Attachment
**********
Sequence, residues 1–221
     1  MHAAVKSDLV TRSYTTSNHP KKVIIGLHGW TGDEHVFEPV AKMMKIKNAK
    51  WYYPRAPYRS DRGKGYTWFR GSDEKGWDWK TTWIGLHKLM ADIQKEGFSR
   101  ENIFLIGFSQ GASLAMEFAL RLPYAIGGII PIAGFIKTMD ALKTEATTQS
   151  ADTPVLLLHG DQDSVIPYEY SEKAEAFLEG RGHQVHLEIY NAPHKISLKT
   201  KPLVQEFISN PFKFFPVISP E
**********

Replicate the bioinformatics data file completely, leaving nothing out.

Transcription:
Sequence, residues 1–221
     1  MHAAVKSDLV TRSYTTSNHP KKVIIGLHGW TGDEHVFEPV AKMMKIKNAK
    51  WYYPRAPYRS DRGKGYTWFR GSDEKGWDWK TTWIGLHKLM ADIQKEGFSR
   101  ENIFLIGFSQ GASLAMEFAL RLPYAIGGII PIAGFIKTMD ALKTEATTQS
   151  ADTPVLLLHG DQDSVIPYEY SEKAEAFLEG RGHQVHLEIY NAPHKISLKT
   201  KPLVQEFISN PFKFFPVISP E